Published Online: February 3, 2016
Asthma is a complex airway disease that includes allergic and non-allergic subtypes. In an article recently published in The Journal of Allergy & Clinical Immunology (JACI), Dannemiller and colleagues hypothesized that microbial exposures are associated with asthma severity, and that these associations may differ by asthma subtype.
This study included a total of 196 children from a prospective asthma severity study, evenly divided among those with and without atopy. The researchers quantitatively characterized house dust bacterial and fungal communities using DNA sequence-based approaches.
Asthma severity was associated with microbial exposures, and the observed response was different in the atopic and non-atopic children. In atopic children, asthma severity depended on the types of fungi that were present, including stronger associations with allergenic fungi. In non-atopic children, asthma severity was associated with total fungal concentration in the house dust, independent of the type of fungi present. These results support the notion that two subtypes of asthma, allergic and nonallergic are affected differently by environmental microbial exposures, thus environmental control measures may differ based on asthma subtype.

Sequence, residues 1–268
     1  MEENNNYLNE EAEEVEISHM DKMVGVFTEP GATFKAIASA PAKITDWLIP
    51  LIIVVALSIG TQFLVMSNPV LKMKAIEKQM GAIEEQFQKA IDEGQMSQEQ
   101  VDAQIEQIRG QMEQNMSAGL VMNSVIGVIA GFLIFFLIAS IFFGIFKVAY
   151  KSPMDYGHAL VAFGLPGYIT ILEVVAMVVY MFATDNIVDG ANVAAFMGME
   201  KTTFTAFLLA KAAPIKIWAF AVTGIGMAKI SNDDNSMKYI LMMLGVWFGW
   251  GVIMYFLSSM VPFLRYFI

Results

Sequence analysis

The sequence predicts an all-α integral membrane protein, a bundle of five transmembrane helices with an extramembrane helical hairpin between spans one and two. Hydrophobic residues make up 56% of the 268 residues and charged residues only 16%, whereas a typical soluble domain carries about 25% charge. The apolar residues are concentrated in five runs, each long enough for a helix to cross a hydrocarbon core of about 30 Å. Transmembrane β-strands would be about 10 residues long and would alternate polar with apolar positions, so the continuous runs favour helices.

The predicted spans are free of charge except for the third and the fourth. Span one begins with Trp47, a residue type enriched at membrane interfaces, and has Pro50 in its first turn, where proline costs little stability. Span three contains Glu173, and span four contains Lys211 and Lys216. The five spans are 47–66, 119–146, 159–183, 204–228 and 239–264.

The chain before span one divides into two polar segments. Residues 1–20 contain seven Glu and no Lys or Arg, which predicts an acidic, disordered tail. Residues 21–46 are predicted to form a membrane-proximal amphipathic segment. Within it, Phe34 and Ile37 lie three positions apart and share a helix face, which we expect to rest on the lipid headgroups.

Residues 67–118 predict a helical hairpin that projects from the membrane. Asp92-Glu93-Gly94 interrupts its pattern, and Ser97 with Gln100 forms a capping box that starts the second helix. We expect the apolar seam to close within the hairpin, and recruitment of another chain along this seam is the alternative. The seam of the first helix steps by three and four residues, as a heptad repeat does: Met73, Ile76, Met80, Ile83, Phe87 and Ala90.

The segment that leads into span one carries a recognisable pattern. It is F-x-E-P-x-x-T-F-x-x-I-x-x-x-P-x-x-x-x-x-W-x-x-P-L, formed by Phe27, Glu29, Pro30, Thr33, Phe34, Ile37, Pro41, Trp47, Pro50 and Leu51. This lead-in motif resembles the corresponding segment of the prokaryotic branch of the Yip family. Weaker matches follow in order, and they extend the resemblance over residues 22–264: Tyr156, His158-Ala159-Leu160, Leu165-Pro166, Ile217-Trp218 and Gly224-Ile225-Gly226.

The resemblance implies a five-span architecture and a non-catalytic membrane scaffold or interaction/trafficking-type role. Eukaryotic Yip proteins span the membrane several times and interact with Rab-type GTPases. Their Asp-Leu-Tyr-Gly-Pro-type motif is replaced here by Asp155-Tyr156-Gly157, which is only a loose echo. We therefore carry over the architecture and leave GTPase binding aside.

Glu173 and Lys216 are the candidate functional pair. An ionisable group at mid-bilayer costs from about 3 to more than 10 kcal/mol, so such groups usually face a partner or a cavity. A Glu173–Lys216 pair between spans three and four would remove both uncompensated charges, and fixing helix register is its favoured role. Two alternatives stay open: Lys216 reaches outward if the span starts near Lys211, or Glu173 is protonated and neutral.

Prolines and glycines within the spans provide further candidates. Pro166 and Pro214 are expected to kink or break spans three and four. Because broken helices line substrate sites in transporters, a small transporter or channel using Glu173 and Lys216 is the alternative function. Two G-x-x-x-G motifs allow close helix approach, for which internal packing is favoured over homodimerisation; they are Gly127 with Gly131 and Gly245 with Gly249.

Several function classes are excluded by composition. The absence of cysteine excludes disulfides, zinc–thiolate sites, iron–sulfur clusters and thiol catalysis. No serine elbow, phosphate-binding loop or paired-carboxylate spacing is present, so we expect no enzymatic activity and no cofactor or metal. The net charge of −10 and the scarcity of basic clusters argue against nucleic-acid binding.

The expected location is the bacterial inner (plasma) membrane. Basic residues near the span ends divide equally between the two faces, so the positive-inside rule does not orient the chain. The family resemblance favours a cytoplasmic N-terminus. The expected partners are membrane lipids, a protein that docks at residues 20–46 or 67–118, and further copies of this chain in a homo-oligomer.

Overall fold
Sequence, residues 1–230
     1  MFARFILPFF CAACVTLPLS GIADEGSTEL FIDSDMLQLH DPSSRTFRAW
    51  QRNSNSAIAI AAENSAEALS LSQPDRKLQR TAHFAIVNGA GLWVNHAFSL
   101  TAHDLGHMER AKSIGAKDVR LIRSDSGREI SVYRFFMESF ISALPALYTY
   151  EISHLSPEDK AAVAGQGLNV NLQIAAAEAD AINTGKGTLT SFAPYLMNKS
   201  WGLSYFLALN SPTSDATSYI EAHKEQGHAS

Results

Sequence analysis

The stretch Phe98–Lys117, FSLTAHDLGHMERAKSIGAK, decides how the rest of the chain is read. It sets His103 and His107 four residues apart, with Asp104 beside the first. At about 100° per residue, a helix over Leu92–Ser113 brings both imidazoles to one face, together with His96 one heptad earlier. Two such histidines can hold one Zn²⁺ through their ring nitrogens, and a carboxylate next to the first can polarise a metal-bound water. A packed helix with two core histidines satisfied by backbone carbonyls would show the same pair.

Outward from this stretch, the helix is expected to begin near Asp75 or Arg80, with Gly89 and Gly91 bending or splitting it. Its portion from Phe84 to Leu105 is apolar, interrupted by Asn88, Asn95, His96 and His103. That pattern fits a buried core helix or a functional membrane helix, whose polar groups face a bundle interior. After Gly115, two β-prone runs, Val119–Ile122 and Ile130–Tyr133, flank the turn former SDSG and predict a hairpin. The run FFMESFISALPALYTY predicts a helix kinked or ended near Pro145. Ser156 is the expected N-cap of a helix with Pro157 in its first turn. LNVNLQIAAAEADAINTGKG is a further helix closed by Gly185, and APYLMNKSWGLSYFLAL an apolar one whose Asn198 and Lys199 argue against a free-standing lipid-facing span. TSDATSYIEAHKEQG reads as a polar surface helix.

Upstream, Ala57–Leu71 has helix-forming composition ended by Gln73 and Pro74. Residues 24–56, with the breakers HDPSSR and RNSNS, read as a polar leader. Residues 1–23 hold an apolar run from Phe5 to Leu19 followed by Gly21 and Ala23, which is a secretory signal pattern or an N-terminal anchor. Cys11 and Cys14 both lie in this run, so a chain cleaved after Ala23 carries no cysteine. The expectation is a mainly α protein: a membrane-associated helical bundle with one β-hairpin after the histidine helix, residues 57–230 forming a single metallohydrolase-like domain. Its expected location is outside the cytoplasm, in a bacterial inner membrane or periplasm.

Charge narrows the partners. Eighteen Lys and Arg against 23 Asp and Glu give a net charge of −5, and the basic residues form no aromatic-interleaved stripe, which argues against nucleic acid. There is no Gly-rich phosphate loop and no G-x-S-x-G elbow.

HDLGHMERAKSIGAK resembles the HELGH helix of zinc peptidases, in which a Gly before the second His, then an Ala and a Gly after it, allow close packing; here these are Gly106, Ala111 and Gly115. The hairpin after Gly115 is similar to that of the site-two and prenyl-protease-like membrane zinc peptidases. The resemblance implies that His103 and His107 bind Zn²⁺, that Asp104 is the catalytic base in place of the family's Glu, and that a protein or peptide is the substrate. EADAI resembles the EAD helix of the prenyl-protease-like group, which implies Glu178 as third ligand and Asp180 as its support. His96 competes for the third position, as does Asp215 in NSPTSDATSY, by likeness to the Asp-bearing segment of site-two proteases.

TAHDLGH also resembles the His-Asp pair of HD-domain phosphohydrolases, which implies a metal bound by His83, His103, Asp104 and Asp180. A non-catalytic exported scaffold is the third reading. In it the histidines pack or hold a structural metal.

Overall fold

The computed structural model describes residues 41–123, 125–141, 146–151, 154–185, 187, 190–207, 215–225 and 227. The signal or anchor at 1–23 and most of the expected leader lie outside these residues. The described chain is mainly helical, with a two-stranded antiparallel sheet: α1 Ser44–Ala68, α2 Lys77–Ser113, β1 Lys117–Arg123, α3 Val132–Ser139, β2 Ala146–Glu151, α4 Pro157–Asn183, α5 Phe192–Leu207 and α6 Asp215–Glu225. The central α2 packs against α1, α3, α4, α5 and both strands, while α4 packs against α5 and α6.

The Journal of Allergy and Clinical Immunology (JACI) is an official scientific journal of the AAAAI, and is the most-cited journal in the field of allergy and clinical immunology.